Alcohol is dangerous and it is a drug. The worst part of this drug for me is that it is so socially acceptable. Even being drunk is often not looked at as the serious problem that it is.

It is very addictive and very often people think that it is not as dangerous as illegal narcotics.

I don’t think so, I look at alcohol and I see my gate way drug. Yes I also smoked Marijuana – I did smoked it first when I was drunk. Yes I snorted cocaine. I tried it first when I was drunk.

Cocaine Addiction Stories

Strangely enough cocaine only showed up in my life when I was about 24 years old but it took hold of me so fast and dragged me straight down.

In a strange way I should be grateful to cocaine.

Without it I might still be limping along with my alcohol addiction, managing to convince myself that I don’t have a problem. Perhaps it helped me sink so low that I had only a few choices left… get clean, go to jail or die.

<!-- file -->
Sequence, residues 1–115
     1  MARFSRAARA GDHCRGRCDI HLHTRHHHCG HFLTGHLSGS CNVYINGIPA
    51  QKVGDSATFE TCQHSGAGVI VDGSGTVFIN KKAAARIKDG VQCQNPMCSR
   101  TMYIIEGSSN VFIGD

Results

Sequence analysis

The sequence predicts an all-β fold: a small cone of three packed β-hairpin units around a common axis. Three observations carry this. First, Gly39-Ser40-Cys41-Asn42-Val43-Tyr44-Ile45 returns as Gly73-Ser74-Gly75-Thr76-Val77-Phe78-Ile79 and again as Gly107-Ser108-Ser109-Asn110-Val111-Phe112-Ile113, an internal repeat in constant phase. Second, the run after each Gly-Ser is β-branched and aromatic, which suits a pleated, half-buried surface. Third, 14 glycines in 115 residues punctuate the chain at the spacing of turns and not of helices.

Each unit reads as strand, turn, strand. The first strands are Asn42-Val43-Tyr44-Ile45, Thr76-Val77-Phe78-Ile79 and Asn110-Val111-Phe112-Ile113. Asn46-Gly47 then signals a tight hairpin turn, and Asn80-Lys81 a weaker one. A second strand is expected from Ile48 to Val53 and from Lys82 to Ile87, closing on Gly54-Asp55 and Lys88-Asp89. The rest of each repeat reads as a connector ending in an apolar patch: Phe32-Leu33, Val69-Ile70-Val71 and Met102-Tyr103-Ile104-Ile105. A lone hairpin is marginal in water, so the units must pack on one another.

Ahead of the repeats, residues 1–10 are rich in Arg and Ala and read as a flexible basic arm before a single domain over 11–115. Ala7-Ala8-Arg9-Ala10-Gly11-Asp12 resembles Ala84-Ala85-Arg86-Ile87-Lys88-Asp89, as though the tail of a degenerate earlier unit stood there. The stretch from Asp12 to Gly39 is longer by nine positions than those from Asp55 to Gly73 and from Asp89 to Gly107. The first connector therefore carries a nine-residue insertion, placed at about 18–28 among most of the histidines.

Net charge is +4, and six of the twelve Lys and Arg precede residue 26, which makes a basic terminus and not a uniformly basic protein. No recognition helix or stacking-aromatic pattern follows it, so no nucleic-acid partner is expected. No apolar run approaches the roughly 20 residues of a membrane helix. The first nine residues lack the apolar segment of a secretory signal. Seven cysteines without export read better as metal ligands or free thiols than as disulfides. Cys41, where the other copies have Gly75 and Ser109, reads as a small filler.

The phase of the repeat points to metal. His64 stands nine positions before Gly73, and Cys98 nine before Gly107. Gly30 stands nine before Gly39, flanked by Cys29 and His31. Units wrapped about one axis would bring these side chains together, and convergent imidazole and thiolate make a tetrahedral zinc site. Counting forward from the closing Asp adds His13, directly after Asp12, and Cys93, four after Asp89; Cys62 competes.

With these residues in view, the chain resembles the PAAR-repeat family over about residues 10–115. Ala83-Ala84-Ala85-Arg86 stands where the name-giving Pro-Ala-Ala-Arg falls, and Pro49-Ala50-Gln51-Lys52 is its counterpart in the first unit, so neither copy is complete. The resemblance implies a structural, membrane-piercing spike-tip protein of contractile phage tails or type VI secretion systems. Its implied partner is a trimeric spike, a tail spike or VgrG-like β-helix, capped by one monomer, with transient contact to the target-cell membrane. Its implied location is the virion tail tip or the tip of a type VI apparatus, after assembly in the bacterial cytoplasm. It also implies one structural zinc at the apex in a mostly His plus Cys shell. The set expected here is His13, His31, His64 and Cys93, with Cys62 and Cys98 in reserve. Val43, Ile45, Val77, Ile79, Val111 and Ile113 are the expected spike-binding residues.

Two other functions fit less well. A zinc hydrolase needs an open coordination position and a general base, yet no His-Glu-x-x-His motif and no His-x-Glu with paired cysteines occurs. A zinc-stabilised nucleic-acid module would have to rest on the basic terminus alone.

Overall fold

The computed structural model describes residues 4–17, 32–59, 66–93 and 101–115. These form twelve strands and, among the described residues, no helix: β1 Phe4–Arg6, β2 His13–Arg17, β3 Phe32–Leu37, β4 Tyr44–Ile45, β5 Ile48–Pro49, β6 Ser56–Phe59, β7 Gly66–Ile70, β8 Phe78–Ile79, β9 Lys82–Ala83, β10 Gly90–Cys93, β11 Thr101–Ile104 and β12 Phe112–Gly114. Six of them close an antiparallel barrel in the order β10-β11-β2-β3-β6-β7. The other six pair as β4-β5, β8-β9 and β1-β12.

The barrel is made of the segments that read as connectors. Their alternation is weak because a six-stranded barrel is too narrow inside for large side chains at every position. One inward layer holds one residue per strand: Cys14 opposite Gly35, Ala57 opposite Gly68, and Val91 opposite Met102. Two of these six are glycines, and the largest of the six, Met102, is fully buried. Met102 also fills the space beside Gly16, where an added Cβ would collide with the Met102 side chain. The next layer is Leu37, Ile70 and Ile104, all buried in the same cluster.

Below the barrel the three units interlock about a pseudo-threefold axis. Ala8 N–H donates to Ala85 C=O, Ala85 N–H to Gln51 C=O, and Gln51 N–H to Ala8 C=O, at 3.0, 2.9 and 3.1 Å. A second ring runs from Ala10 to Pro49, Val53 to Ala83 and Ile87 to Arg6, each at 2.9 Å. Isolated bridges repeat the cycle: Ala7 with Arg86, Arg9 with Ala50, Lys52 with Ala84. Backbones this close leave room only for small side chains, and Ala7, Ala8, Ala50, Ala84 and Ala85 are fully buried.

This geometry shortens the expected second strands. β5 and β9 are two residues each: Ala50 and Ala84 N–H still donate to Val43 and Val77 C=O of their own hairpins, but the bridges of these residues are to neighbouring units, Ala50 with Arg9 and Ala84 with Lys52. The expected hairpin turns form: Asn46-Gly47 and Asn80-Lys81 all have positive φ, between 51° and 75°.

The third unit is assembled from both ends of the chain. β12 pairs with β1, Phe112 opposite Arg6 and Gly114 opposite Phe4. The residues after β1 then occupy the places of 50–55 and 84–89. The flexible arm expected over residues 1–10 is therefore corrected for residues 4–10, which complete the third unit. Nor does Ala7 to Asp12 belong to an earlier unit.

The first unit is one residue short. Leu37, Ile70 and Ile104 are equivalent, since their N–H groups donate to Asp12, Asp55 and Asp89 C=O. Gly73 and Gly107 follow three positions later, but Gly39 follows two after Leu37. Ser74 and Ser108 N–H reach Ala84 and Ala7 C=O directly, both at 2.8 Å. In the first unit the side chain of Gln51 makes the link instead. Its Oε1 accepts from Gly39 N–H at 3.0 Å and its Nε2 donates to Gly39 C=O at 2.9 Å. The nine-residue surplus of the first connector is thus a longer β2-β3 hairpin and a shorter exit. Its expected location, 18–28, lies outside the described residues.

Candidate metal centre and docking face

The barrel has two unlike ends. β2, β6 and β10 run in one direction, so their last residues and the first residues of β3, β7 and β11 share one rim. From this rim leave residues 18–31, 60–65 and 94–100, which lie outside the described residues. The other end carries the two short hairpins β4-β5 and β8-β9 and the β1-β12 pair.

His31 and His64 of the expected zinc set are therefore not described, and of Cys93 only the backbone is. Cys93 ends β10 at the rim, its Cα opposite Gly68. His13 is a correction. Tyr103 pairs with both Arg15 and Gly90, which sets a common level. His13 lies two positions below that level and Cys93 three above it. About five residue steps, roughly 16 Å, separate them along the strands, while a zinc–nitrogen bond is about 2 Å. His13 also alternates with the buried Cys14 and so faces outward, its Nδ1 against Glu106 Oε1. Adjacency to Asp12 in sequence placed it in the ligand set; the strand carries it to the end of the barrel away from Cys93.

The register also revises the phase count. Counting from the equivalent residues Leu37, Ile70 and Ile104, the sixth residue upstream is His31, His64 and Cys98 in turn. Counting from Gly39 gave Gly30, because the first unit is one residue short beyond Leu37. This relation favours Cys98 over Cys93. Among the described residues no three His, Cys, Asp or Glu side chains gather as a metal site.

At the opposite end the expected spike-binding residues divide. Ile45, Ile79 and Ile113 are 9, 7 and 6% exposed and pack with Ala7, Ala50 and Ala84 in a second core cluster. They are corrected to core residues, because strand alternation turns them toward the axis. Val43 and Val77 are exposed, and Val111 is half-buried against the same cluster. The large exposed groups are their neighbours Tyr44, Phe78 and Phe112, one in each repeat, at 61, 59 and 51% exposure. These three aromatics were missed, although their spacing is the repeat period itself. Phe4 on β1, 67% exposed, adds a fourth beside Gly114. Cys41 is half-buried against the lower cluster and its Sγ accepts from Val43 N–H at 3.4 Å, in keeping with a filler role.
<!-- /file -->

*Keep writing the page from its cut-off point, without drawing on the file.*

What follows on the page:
Cocaine made me stay awake for days at a time, not eating and becoming more and more delusional as time went on.

Addiction stole 15 years of my life.

From the time I was 14 years old and I started cutting myself, drinking and getting into abusive relationships until the time I was 29 years old and hopelessly hooked on cocaine.

Real Life Drug Addiction Stories

Writing this eBook was quite tricky because everything is so fuzzy. I can’t get things from that time in my life into a chronological order.

Some of the things I remember are fuzzy because of the alcohol and drugs but some of the things I have a few realities in my mind and I can’t figure out which is which.

That must sound so strange but the thing is that as an addict I had to lie a lot to save my bacon.

I would have to tell different people different versions of events, you know one to suit each person? Over time and with retelling things in different ways there are some things that happened in my life but I just can’t figure out which is the real truth.